Nur77 has been reported to regulate target gene expression through direct binding to the NBRE sequence (AAAGGTCA) as monomers (4) and/or to the palindromic NurBE sequence as homodimers (7). Based on the mouse AR promoter sequence deposited in the Transcriptional Regulatory Element Database (accession No. 83828), we found a potential NBRE (TCAGGTCA) within mAR promoter core regions. To examine if Nur77 can bind to the AR promoter in vivo, we performed a ChIP-PCR assay. Confluent mGCs were infected with Ad-LacZ and Ad-Flag-Nur77 at an MOI of 10 for 48 h. Soluble chromatin from the mGCs was then immunoprecipitated with an anti-FLAG M2 affinity agarose gel, and the purified DNA fragments from the Flag-Nur77-Chromatin complexes were analyzed by PCR with the specific primer pairs designed for the NBRE region of the mAR promoter. Figure 3A showed that the AR promoter was efficiently recovered from the Flag-Nur77 immunoprecipitates but not from the control immunoprecipitates (Ad-LacZ), suggesting that Nur77 directly binds to the chromatin-associated AR promoter in mouse granulosa cells.

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Figure 3. Nur77 binds to the mouse AR promoter and stimulates its activity.

A: The results of ChIP-PCR amplification are shown using primers against the mouse AR promoter region. PCR products were separated by agarose gel electrophoresis. B: HEK293T cells were transfected with pCMV-Nur77 or pCMV-empty vector plasmid and cotransfected with the mAR promoter-luciferase construct using the Nanofectin transfection reagent. After 48 h, luciferase assays were performed and normalized by constitutive Renilla luciferase. C: mGCs from Nur77+/+, Nur77+/− and Nur77−/− mice were transfected with mAR promoter-luciferase construct using Lipofectamine 2000 reagent. After 48 h, luciferase assays were performed and normalized by constitutive Renilla luciferase (n = 3; *P<0.05, **P<0.01).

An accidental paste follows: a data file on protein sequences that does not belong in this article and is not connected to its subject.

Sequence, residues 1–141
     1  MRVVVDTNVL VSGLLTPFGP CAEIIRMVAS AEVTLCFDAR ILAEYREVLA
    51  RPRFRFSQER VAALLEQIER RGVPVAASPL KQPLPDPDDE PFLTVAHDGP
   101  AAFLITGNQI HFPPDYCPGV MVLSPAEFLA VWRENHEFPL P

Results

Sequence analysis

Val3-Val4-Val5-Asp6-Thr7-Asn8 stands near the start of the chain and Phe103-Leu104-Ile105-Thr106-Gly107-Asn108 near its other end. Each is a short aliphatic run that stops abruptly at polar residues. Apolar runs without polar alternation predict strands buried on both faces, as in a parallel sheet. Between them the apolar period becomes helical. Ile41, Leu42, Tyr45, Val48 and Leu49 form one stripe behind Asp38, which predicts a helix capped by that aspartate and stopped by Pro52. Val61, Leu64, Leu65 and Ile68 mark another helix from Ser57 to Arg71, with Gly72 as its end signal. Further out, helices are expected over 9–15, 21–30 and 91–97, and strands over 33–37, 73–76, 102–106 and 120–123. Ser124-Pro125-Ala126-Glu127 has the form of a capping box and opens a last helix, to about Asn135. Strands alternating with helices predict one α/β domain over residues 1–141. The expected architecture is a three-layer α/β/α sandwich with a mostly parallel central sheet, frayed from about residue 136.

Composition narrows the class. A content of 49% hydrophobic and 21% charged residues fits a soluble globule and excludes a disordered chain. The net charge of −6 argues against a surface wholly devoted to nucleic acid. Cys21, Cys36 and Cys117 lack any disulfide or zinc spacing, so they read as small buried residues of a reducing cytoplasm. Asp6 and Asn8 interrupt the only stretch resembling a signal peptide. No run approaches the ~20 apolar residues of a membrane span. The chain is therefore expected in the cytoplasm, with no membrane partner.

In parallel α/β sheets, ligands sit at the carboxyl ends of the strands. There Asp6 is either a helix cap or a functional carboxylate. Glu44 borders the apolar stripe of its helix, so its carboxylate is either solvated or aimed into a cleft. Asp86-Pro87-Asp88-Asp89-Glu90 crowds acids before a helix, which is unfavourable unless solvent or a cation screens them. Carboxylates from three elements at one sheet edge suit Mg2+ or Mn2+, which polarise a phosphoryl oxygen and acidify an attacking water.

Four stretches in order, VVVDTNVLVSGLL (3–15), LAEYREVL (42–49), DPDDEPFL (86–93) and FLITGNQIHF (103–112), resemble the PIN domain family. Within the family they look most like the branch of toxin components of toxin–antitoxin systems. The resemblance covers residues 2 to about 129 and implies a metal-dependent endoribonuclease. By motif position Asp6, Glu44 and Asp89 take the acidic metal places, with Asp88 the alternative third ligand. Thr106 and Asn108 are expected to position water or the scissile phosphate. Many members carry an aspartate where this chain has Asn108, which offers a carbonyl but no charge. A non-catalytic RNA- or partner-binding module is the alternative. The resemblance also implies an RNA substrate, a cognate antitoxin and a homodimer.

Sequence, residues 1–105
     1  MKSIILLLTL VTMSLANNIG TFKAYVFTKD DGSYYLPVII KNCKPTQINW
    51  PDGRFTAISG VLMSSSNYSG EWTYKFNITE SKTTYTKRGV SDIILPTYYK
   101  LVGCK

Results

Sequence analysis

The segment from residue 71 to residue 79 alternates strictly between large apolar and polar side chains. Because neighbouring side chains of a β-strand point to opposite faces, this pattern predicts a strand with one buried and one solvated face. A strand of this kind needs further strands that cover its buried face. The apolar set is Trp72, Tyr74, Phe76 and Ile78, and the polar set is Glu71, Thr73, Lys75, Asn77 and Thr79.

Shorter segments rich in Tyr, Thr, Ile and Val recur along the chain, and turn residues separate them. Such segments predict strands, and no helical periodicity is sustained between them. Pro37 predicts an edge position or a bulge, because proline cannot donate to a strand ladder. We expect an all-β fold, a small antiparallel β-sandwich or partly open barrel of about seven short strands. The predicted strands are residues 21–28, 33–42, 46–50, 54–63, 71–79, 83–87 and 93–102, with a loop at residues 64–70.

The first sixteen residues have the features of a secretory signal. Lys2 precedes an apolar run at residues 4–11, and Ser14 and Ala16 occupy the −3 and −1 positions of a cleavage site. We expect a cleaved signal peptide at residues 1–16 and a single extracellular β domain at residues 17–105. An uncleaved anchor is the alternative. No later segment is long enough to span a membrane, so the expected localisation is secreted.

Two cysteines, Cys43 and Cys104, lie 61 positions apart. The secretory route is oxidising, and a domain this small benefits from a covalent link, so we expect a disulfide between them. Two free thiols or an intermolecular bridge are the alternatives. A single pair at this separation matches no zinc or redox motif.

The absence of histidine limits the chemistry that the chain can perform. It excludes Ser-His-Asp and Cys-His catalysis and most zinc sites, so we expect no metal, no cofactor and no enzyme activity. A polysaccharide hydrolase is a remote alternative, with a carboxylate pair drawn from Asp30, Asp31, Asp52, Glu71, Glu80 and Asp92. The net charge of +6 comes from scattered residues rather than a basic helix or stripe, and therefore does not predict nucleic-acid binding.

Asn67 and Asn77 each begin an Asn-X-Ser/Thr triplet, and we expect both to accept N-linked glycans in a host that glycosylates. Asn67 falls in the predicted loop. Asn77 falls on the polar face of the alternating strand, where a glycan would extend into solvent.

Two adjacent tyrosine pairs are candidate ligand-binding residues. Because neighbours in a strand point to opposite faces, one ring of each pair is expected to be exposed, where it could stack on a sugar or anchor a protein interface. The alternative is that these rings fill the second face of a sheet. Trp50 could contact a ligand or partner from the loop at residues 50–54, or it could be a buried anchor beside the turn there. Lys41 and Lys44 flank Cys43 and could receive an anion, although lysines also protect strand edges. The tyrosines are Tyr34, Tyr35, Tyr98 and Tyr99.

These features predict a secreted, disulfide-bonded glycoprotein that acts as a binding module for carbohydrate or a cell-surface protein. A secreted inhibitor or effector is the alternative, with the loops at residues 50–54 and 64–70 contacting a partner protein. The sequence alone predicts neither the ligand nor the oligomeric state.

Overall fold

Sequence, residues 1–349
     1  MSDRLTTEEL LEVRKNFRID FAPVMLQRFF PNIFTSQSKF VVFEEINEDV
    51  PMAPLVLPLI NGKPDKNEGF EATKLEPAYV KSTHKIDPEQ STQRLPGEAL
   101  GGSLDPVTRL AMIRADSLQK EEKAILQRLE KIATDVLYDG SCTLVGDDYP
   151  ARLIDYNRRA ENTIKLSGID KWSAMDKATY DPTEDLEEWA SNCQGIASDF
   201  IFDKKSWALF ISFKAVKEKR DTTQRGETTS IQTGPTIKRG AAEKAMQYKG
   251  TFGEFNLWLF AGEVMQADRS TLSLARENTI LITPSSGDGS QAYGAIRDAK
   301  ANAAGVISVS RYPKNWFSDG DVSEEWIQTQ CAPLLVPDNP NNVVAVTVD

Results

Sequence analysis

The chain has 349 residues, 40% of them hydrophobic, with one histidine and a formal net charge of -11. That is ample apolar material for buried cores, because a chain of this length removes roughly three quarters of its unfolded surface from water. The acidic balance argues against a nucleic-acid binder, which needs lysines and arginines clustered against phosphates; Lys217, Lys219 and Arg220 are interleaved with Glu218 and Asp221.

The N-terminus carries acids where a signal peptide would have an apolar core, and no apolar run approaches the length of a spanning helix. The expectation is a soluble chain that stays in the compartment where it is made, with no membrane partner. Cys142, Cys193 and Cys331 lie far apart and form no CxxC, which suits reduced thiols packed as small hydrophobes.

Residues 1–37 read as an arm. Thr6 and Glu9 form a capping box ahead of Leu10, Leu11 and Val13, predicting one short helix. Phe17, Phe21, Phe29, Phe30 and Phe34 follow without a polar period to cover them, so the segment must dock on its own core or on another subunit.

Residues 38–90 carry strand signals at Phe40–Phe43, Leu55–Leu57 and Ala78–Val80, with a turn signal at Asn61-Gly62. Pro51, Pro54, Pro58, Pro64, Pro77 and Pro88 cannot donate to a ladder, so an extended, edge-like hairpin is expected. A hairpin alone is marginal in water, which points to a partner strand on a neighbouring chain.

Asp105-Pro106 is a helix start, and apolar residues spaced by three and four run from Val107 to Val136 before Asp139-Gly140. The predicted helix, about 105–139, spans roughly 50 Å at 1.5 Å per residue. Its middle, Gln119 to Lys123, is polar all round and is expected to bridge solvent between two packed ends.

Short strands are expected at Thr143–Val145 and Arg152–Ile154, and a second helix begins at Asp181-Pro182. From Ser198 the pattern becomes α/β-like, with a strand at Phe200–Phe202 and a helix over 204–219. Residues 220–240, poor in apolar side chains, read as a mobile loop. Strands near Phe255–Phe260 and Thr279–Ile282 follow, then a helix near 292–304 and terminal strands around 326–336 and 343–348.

doi:10.1371/journal.pone.0039950.g003

To test if Nurr77 directly regulates mAR promoter activity, we measured AR gene promoter activity in HEK293T cells and mGCs by transient transfection and luciferase reporter assays. As shown in Figure 3B, overexpression of Nur77 in HEK293T cells enhanced mAR promoter activity in a concentration-dependent manner. In mGCs from Nur77−/− mice, however, the mAR promoter activity was significantly lower than that in mGCs from Nur77+/+ mice (Figure 3C). Together, these data suggested that Nur77 binds to the mAR promoter and increases AR promoter activity.

Nur77 up-regulates AR and KITLG expression levels in human granulosa cells

To assess if Nur77 also regulates the transcription of the human AR gene, we treated KGN cells, a human granulosa-like tumor cell line, with Ad-Flag-Nur77 at the indicated MOI for 48 h. Using real-time PCR analysis, we found that mRNA levels of hAR and hKITLG were dramatically elevated in a dose-dependent manner with increasing expression levels of Nur77 (Figure 4A). Moreover, western blot analysis indicated an increase in AR protein levels an increase in Figure 4B).

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Figure 4. Effects of Nur77 overexpression and silencing on human AR and KITLG expression in KGN cells. A:

KGN cells were infected with Ad-LacZ or Ad-Flag-Nur77 at the indicated MOI for 48 h, and AR and KITLG mRNA levels were measured by real-time PCR and shown as a ratio over control (Ad-LacZ). (n = 3; *P<0.05, **P<0.01). B: Western blot analysis of AR protein expression in KGN cells treated with Ad-LacZ or Ad-Flag-Nur77 at the indicted MOI for 48 h. A: Real-time PCR analysis of AR and KITLG mRNA expression levels in KGN cells infected with Ad-LacZ or Ad-siNur77 (MOI = 50 and 100) for 48 h (n = 3; *P<0.05, **P<0.01). B: Western blot analysis of AR protein expression in KGN cells treated with Ad-LacZ or Ad-siNur77 at the indicated MOI for 48h.

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To further support the role of Nur77 in modulating hAR expression, we performed loss of function studies using an RNA interference technique. KGN cells were infected with Ad-siNur77 at MOIs of 0, 50 or 100, and total RNA and protein were measured by real-time PCR and western blot analysis, respectively. As expected, Ad-siNur77-infected cells showed a substantial reduction in endogenous Nur77 mRNA expression. The treatment subsequently inhibited AR and KITLG mRNA expression levels. AR mRNA was down-regulated by the inhibition of endogenous Nur77 to 54%, and KITLG expression was repressed to 42% (Figure 4C). AR protein expression was also attenuated accompanied by repression of Nur77 (Figure 4D). Thus, these results suggest that Nur77 promotes hAR expression in KGN cells.